PayPal Phishing Scams
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PayPal scam e-mails normally involve a link on which the user must click. The link takes you to a server where you have to supply sensitive and private information including credit card numbers, your PayPal account number, pin numbers and passwords. This information is supposedly needed to update or verify your account, but this is a BIG lie, PayPal never sends out e-mails to verify the information of their members. Below is a list of common characteristics that you can look for when you get e-mails like this. This makes it easier to verify whether the e-mail is legitimate or not. Rule of thumb: E-mails asking for any personal information are always fraudulent.
- The e-mail address of the sender should be from a paypal.com e-mail address. Any variation of the domain like paypalssl.com should flash warning lights. Even fraudulent e-mails may contain the paypal.com domain in the e-mail address because some scammers spoof the e-mail address so that it appears to be directly from PayPal. You can also verify if an e-mail address was spoofed by checking the e-mail header, but this involves advanced computer knowledge and may not be possible for novice users. For those who are interested, visit the following page about reading e-mail headers. This characteristic is not always consistent and can't be used as the deciding factor for identifying a fraudulent PayPal e-mail.
- Generic greetings like Dear PayPal member. PayPal knows the names of their members and will address you on your name. Again this is not foolproof and clever criminals can get your personal details and address you on your name in the e-mail.
- Bad spelling and grammar. This is common among many hoaxes and scams.
- The text of the links in the e-mail may look legitimate but the links actually point to a dangerous location. Never click on any suspicious links, some of these links may point to web sites that install virusses or spyware. Hover with your mouse pointer over the links in the e-mail and keep an eye on the status bar at the bottom of your screen. The URL (Internet Address) that appears in the status bar should always start with http://www.paypal.com or https://www.paypal.com. Links that start with an IP address are always fraudulent. Legitimate PayPal URL's never include an IP address and links looking like this are always fraudulent: https://184.108.40.206/paypal/userinfo.html (220.127.116.11 is the IP address). An e-mail program like Mozilla Thunderbird can detect when an URL starts with an IP address and warns you when you click on it. Fraudulent links may even include the word PayPal. http://www.anysite.com/paypal/login.html and http://www.intl.paypal.com are both fake links because even though they include the word PayPal in the address, their top-level domain is not paypal.com.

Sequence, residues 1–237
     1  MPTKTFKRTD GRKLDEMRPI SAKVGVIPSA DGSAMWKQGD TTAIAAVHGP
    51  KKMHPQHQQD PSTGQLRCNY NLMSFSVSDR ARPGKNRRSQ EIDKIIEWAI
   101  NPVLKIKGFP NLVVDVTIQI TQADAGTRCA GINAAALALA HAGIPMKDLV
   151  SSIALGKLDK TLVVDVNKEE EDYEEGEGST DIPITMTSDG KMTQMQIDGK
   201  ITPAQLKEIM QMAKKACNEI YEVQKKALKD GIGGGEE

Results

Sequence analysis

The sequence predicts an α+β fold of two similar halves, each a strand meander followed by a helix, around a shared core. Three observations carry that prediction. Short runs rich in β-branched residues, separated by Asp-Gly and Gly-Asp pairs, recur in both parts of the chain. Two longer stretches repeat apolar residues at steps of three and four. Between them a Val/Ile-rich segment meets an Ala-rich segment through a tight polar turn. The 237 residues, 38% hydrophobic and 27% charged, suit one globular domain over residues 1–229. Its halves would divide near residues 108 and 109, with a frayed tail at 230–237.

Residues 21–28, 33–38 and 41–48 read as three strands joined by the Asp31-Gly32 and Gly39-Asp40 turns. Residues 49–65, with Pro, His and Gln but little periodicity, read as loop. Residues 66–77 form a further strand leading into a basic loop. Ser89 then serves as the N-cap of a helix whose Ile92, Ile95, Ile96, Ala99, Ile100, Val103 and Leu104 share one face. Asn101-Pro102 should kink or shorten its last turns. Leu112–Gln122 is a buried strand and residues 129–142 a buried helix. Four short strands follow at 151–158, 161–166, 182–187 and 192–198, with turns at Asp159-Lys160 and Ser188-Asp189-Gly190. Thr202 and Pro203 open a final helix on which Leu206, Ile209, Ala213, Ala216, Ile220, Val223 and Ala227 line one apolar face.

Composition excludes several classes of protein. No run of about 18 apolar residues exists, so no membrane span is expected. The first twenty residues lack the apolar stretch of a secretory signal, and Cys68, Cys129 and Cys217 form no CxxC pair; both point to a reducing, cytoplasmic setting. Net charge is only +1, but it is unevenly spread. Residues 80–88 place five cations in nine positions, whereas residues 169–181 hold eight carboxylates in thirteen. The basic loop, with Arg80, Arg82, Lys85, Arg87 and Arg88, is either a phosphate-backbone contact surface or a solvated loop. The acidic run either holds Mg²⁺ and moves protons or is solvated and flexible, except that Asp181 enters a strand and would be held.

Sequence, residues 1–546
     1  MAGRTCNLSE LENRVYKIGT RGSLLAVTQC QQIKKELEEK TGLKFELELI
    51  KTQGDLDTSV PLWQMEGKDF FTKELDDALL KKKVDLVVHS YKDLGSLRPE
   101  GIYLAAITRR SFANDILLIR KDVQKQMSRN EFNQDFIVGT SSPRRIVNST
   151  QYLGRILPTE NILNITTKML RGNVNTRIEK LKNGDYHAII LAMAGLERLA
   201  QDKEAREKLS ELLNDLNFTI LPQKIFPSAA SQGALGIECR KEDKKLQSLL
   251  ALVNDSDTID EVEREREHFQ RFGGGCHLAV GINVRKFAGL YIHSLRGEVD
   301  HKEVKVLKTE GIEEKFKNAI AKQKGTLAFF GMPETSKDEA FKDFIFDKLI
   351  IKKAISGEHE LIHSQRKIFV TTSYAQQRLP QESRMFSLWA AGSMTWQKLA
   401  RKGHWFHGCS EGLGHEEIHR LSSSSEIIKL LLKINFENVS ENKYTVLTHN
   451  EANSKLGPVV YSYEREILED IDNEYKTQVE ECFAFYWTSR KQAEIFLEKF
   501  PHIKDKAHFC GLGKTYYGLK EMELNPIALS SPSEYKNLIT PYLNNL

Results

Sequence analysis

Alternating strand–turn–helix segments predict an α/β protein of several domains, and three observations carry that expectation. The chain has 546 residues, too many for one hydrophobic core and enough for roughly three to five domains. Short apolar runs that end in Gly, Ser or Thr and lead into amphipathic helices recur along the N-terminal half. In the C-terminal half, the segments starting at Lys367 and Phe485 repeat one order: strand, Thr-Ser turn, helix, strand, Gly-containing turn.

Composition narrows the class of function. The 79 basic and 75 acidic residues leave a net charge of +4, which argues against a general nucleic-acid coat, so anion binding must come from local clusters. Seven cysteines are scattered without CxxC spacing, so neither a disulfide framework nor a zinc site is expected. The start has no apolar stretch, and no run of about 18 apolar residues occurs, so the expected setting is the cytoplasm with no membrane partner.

- There is a false sense of urgency in some fraudulent e-mails. Do you really think PayPal will suspend the accounts of their members without giving them enough time to respond? This will cause many members to become unhappy and they will lose customers this way.
- E-mails from PayPal with attachments. PayPal never send e-mails to their members containing attachments. Typical attachments are zip files and exe files. They are most of the time some kind of virus or spyware that will do the information collection for these cyber criminals. This is why it is so important to keep your anti-virus and anti-spyware software up to date at all times.
If you received an e-mail that appears to be from PayPal and you are unsure whether it is legitimate or not, forward the e-mail to email@example.com and they will be able to tell you. If you are not a PayPal member, you can conveniently ignore e-mails like this. For what reason will PayPal want to contact you if you don't have a PayPal account, never applied for one or never did any business with them?
Visit the PayPal Security Centre for more information.
Below are links to copies of typical PayPal phishing scam e-mails. Note that the original formatting of the e-mails was preserved and this is more or less how they look when you open them. We have disabled the links in the e-mails because they point to dangerous locations that may result in identity theft, financial loss or they might infect your computer with viruses or spyware.
PLEASE NOTE: PayPal is NOT responsible for these e-mail scams. Organisations and individuals pretending to be PayPal initiate them. PayPal.com, PayPal, and all related logos are either trademarks or registered trademarks of PayPal, Inc., or its licensors. Cyber Top Cops is in no way affiliated with PayPal.
- PayPal Account Access Limited Phishing Scam
- PayPal Account Suspension Notification Phishing Scam
- PayPal Account Verification Phishing Scam
- New Email Address Added To Your PayPal Account Phishing Scam
- PayPal Security Measures Phishing Scam
- PayPal Payment Receipt Phishing Scam
- Paypal Personal Account Update Phishing Scam
- PayPal Possible Fraud Notification Phishing Scam
- Update And Verify Your PayPal Account Phishing Scam
- PayPal Urgent Notification Phishing Scam